A forensic for Boabdil
- A group of researchers believe they have found in Fez the tomb of the last king of Granada
- The expert Basque Etxeberria and filmmaker Francisco Javier Balaguer lead inspections.
Abu `Abdallah Muhammad XII (Arabic: أبو عبد الله محمد الثاني عشر Abū ‘Abd Allāh Muḥammad al-thānī ‘ashar) (c. 1460 – c. 1533), known as Boabdil (a Spanish rendering of the name Abu Abdullah), was the twenty-second and last Nasrid ruler of Granada in Iberia. He was also called el chico, the little, or el zogoybi, the unfortunate. Son of Abu l-Hasan Ali, sultan of the Emirate of Granada, he was proclaimed sultan in 1482 in place of his father, who was driven from the land.Muhammad XII soon after sought to gain prestige by invading Castile. He was taken prisoner at Lucena in 1484. Between 1484 and 1487, he was held prisoner. Power returned to his father and then in 1485 to his uncle Muhammed XIII, also known as Abdullah el Zagal.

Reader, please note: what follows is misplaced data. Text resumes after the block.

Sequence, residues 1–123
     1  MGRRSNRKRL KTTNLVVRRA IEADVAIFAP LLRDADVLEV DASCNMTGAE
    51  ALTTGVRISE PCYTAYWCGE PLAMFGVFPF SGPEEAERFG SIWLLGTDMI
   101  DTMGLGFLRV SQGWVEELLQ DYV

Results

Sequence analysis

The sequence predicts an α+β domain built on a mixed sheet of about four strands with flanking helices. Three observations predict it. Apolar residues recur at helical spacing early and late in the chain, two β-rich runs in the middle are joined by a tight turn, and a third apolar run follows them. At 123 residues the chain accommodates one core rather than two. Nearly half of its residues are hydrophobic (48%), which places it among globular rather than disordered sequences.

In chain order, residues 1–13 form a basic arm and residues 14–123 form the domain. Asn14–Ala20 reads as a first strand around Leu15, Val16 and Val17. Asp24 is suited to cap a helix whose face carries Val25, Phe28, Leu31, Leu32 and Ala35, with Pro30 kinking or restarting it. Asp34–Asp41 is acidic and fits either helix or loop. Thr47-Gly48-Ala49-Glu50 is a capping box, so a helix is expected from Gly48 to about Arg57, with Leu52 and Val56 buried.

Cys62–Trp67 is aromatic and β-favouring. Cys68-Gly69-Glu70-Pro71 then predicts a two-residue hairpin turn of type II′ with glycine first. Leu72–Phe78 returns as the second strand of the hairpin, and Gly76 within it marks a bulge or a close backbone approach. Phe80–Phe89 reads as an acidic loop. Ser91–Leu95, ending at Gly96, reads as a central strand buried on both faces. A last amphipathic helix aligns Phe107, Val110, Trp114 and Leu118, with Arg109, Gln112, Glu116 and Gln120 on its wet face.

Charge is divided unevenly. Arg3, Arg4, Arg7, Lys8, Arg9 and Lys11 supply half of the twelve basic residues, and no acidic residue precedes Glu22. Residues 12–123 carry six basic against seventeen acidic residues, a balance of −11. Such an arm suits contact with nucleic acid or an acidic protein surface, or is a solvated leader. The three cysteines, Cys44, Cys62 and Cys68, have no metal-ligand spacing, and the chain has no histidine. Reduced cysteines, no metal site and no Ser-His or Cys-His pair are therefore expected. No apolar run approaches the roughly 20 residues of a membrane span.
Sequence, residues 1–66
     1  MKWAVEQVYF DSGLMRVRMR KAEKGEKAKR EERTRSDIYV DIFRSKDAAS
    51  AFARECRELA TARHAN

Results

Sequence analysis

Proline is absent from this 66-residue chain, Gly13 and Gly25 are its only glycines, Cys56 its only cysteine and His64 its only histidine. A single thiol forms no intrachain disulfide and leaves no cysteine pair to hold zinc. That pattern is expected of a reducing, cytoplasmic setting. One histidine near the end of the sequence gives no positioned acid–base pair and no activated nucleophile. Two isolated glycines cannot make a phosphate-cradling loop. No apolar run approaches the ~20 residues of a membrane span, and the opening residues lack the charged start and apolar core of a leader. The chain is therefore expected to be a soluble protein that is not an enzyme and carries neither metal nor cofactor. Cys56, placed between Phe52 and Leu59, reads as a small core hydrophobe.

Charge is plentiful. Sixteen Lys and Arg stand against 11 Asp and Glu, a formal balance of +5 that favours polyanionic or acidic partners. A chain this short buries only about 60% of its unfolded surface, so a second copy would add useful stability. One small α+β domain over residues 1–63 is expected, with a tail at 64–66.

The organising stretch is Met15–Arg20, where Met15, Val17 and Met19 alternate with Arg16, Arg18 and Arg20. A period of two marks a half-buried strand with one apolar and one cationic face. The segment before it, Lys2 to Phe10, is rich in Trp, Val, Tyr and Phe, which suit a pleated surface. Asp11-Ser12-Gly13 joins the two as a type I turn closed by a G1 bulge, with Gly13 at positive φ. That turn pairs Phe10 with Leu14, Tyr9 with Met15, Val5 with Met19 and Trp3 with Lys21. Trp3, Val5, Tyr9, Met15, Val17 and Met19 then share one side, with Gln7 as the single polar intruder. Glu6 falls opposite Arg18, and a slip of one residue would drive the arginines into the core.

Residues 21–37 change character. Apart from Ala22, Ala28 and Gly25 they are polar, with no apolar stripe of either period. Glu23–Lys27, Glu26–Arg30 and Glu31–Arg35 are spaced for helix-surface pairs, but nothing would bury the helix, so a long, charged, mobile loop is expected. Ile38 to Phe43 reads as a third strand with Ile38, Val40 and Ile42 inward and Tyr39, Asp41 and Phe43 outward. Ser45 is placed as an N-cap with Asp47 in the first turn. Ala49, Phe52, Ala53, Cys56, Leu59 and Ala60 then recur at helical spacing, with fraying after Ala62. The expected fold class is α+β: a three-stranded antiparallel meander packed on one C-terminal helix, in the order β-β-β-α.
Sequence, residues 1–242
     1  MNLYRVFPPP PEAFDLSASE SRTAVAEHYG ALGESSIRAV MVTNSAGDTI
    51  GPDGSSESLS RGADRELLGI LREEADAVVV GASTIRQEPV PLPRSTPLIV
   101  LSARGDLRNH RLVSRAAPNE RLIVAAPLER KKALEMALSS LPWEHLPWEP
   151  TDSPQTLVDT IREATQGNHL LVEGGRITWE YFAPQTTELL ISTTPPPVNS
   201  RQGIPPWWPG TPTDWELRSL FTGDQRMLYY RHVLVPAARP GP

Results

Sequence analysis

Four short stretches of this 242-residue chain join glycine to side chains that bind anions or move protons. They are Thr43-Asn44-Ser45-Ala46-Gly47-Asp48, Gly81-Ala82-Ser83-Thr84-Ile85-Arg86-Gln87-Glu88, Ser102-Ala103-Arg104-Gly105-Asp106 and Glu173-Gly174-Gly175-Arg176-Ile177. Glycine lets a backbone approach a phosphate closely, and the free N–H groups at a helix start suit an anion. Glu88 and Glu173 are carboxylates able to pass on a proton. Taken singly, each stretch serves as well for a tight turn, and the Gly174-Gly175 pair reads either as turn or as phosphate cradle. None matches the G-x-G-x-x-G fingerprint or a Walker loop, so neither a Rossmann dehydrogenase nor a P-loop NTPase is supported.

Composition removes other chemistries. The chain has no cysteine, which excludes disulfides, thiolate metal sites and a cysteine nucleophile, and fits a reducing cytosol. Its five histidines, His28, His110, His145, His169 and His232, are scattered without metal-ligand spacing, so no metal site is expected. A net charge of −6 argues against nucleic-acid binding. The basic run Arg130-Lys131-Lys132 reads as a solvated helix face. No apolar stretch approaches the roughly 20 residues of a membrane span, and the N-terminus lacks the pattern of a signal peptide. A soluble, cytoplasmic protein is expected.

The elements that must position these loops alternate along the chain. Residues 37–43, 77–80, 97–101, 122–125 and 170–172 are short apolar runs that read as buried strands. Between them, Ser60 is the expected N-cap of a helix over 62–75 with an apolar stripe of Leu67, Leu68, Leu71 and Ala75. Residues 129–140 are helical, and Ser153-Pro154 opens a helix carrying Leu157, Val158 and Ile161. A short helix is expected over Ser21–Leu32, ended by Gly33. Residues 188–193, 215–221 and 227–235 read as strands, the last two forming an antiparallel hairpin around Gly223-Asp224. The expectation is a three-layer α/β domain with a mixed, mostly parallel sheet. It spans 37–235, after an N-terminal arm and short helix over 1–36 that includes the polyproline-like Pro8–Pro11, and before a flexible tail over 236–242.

He only obtained his freedom and support to recover his throne in 1487 by consenting to hold Granada as a tributary kingdom under Ferdinand and Isabella, king and queen of Castile and Aragon, and not to intervene in the Siege of Málaga (1487), in which Málaga was taken.
1487 saw the fall of Baeza, Málaga and Almería. 1489 saw the fall of Almuñécar and Salobreña. By the beginning of 1491, Granada was the only Muslim-governed city in Spain.
In 1491, Muhammad XII was summoned by Ferdinand and Isabella to surrender the city of Granada, and on his refusal it was besieged by the Castilians. Eventually, on 2 January 1492, Granada was surrendered. In most sumptuous attire the royal procession moved from Santa Fe to a place a little more than a mile from Granada, where Ferdinand took up his position by the banks of the Genil.
Boabdil surrenders the keys of Granada to the Catholic Monarchs.
La Rendición de Granada de Francisco Pradilla (1882).
The farewells of King Boabdil at Granada
Muhammad XII was given an estate in Laujar de Andarax, Las Alpujarras, a mountainous area between the Sierra Nevada and the Mediterranean Sea, but he soon crossed the Mediterranean to Fes, Morocco.